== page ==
Suing public university for wrongful termination, retaliation for whistleblower complaint, discrimination, etc?
1. I filed internal complaints about years of hazing including my supervisor lying about university policy when establishing my hiring salary, improperly conducted performance appraisals, repeatedly excluding me from information needed for my job, isolating me in a makeshift office (formerly a storage room) unlike other employees, supervisor's racist comments, racial/sexual discrimination, etc. (Despite a university investigator agreeing on several issues in my complaint, it was dismissed. The university's framework for reporting workplace abuse is hostile and complaints are routinely dismissed.)
2. I was expected to secretly complete recommendation forms for student in their applications to graduate school and falsely sign for faculty, all without notifying the applicant or graduate program.
3. I talked to faculty about adverse working conditions. I was then ordered in writing to not talk.
2 attorney answers
That sounds like a horrible experience; I'm sorry.
I would be curious about the timing of your internal reports and your termination. I'd also be curious about your involuntary leave of absence-- was it related to your internal reports of potential illegal activity by the University? Other questions are whether everyone in your position or similar positions were required to complete the remote work agreement or not, and whether anyone who was not required to do so ever submitted internal reports about potential illegal activity, among other things.
These are items you or any counsel you retain should consider when proceeding against the University.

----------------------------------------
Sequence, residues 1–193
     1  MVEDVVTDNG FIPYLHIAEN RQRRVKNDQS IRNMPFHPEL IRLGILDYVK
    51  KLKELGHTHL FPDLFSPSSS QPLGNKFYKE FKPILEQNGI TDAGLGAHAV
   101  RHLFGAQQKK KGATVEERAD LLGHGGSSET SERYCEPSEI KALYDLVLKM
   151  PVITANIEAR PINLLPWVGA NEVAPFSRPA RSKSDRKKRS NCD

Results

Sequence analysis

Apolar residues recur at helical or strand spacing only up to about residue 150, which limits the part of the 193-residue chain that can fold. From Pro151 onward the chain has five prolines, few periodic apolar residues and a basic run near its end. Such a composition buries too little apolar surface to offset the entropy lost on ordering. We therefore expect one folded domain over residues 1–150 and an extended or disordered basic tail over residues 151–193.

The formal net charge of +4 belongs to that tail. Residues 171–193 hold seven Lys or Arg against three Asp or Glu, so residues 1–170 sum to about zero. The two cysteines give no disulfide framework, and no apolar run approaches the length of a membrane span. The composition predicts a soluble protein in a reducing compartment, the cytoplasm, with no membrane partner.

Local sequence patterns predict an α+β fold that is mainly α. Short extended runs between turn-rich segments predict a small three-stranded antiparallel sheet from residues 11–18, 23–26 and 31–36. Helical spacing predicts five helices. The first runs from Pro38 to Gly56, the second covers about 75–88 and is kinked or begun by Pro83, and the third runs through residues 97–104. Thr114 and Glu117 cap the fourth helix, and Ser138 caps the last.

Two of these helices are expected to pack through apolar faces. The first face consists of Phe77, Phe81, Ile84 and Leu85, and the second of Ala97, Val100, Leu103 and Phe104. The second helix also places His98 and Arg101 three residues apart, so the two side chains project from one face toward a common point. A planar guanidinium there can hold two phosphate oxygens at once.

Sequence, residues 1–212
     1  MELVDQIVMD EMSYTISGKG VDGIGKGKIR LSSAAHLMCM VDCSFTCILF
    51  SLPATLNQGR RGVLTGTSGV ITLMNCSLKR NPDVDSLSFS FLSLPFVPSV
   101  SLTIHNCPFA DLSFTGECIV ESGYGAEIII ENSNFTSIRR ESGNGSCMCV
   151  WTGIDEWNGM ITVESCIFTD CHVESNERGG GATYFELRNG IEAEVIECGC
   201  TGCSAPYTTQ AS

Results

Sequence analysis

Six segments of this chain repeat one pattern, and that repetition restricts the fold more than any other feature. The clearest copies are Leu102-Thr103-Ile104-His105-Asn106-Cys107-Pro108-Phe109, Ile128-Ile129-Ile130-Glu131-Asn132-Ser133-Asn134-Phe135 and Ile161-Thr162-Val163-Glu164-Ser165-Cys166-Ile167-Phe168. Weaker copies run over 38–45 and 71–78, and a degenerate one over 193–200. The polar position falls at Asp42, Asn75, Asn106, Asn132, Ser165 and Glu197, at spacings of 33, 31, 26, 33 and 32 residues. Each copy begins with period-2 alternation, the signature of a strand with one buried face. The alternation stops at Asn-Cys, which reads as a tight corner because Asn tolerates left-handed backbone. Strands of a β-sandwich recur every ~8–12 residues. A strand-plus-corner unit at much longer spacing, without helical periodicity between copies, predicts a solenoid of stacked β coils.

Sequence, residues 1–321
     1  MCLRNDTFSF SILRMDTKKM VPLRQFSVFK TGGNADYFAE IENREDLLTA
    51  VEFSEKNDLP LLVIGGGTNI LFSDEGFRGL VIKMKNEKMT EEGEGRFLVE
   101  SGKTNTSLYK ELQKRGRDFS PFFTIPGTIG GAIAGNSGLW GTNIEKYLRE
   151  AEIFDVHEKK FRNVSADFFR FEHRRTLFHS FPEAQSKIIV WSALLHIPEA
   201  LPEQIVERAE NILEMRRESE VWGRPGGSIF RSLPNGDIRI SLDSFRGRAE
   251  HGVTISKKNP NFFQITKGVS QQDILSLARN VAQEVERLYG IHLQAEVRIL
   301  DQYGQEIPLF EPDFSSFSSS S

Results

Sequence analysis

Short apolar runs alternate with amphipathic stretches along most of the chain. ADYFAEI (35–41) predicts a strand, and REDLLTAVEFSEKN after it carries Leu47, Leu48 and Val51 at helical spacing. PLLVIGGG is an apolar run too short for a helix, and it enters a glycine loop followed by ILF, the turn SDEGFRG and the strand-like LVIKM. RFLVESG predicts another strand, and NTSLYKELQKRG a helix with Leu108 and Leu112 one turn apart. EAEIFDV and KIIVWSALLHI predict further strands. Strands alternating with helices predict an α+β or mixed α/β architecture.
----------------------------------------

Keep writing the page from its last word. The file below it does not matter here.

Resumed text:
Best wishes in your matter.
Please note this information is educational, and it does not constitute legal advice or an attorney-client relationship.
You have not asked a question. If you believe that this site will allow you to solicit attorneys to contact you to work on your case, unfortunately this site is not for that purpose. Instead it is to get general guidance on legal issues only. If you want to hire an attorney to assist you - which would be a very good idea - you are going to have to locate and make direct contact with one or more attorney to tell them about your case and see if they are willing to work on it.
I would suggest you look either on this site in the Find a Lawyer section, or go to www.cela.org, the home page for the California Employment Lawyers Association, an organization whose members are dedicated to the representation of employees against their employers.
Most employment attorneys who practice this area of law offer a free or low cost consultation in the beginning and then, if the matter has merit and value, will usually agree to work on a contingency basis, meaning you can hire an attorney without paying any money until the matter results in a positive outcome for you. Many advance all the costs of the litigation as well. Do not let fear of fees and costs keep you from finding a good attorney.
Good luck to you.
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